Want to go out for coffee?
It’s an innocuous question with nothing complicated about it. Or so it seems, until that coffee menu is read and it’s realized that the coffee is complicated. What does it mean if it’s a bold blend? What in the world is the difference between drip and pressed coffee?
In a coffee class presented by the UMC Nite Bite and conducted by the Alferd Packer Grill’s Retail Manager, Marc Rich, CU students had an opportunity to learn everything they could ever want to know about java.
The class was informal and aimed to teach students to decipher the menu when they reach the counter at their favorite coffee shop. Rich encouraged students to have a cup of coffee and participate fearlessly in the conversation-style forum.
Rich’s six years of experience was put to the test by the participants. Twenty-seven-year-old chemical engineering student Lila Saade said she and her friends came to get their questions answered.
“…And I’m completely addicted to caffeine,” Saade said.
Students said they were appreciative to have a class that showed them something different, like 20-year-old psychology major and self-proclaimed coffee lover Marc Seyferth.
“I think it’s great that the UMC puts on classes like this,” said Seyferth. “It’s nice to hear about the different aspects and variety.”
Variety was top of the list when it came to the topics covered. Rich described not only the differences between regional coffees, but also how preparing the same coffee different ways can bring out different flavors.
Rich said coffee flavors can vary region by region.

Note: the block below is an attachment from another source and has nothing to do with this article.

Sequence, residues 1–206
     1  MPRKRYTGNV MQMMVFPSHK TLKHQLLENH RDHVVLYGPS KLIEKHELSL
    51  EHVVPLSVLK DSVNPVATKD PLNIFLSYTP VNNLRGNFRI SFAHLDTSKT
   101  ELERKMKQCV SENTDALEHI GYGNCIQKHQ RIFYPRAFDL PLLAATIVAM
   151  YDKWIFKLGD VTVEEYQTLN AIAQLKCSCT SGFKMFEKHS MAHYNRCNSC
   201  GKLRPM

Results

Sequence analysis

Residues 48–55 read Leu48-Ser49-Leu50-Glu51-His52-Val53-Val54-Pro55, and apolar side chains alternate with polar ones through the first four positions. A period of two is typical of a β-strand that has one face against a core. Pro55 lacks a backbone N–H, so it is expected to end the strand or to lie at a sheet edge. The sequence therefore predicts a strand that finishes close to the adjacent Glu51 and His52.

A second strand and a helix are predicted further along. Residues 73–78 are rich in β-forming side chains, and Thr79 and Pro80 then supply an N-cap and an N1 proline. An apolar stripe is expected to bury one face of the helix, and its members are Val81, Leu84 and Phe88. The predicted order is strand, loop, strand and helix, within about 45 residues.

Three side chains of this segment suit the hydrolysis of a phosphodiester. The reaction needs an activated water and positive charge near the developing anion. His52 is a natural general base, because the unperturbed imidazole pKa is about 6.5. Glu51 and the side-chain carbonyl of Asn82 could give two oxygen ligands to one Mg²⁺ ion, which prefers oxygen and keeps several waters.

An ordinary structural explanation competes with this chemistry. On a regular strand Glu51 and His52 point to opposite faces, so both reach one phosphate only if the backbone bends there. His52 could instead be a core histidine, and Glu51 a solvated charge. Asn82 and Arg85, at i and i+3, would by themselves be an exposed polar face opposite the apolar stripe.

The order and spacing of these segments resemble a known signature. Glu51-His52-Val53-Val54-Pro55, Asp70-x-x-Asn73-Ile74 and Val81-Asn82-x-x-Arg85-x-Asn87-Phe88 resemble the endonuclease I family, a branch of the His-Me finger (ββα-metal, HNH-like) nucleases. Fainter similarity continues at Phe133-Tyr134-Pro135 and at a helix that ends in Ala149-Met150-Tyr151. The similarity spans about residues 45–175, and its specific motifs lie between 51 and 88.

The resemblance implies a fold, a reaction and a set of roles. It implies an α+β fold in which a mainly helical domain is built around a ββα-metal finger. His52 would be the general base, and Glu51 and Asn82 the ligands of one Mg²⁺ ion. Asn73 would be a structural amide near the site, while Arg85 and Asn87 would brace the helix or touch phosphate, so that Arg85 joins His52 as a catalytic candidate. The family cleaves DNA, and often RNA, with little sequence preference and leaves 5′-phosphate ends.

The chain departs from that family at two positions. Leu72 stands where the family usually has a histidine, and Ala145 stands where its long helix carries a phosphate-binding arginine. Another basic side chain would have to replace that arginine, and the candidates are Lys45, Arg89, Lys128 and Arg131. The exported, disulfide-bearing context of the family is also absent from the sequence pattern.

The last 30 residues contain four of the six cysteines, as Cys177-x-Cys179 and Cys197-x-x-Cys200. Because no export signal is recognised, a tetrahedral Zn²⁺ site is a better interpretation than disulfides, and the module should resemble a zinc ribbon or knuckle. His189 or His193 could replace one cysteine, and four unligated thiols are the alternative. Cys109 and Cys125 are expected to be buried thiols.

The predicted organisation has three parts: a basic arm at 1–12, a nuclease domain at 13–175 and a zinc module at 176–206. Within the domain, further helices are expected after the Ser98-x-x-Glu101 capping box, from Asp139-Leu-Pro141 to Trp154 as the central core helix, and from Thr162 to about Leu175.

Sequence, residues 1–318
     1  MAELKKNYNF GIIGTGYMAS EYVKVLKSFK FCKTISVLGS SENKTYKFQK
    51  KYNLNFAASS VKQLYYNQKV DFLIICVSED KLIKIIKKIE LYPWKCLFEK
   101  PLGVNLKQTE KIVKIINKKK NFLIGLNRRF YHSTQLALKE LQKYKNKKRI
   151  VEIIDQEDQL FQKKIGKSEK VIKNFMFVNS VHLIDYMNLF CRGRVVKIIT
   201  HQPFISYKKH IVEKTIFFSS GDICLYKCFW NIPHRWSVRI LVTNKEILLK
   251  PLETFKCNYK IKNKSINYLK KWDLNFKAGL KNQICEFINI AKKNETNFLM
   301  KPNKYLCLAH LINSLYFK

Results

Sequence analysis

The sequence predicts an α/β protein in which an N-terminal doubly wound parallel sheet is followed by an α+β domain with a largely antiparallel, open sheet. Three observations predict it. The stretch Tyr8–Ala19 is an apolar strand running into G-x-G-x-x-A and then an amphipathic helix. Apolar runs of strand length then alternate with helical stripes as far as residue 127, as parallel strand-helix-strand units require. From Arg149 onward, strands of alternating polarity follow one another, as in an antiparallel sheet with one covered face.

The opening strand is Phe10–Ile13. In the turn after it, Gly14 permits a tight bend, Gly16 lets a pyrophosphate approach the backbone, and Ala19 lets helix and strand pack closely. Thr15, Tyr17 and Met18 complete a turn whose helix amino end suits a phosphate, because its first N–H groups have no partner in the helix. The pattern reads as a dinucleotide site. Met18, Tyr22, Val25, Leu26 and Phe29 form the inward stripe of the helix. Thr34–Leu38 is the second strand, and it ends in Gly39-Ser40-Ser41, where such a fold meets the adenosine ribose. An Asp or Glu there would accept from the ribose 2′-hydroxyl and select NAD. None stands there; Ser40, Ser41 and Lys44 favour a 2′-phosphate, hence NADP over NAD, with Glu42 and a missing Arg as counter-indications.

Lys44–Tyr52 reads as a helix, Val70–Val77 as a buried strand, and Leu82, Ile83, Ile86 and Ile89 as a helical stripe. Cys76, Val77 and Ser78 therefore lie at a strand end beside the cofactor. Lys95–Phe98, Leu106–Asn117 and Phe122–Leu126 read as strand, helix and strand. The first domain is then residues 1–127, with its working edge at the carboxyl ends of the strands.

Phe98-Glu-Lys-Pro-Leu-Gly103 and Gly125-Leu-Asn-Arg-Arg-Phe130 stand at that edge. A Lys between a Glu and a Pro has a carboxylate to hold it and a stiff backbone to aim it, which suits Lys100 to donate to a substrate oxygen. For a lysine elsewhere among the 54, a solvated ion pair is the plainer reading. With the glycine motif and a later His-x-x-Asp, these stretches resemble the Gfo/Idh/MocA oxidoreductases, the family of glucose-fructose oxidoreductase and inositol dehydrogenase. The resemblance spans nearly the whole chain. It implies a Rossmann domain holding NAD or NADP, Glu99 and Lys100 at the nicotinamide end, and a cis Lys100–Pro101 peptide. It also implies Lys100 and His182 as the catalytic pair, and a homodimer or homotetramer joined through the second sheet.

“Indonesian coffee has an earthy flavor that it gets from the clay tiles it bakes on,” Rich said. “While Latin American coffees have a characteristic nutty flavor that can even taste like walnuts or peanuts. Coffee can be juicy. Juicy coffee is coffee that literally makes your mouth water.”
Not all students were coffee crazed.
“I’m not a big coffee drinker,” said 24-year-old chemical engineering grad-student Blake Langdon. “It’s good to know about it when I am one. I expect to be one.”
Coffee can be complicated, and even after attending the class students may find themselves overwhelmed with the choices available in Boulder’s coffee culture.
“Peoples’ palates get trained with a certain type of coffee,” Rich said.
It doesn’t matter if an individual’s drink is four espressos every morning, like Rich, or a plain drip coffee like Seyferth.
“The bottom line with coffee is: if you’re enjoying your coffee, keep enjoying it,” Rich said.
Contact CU Independent Staff Writer Ana Faria at Ana.email@example.com.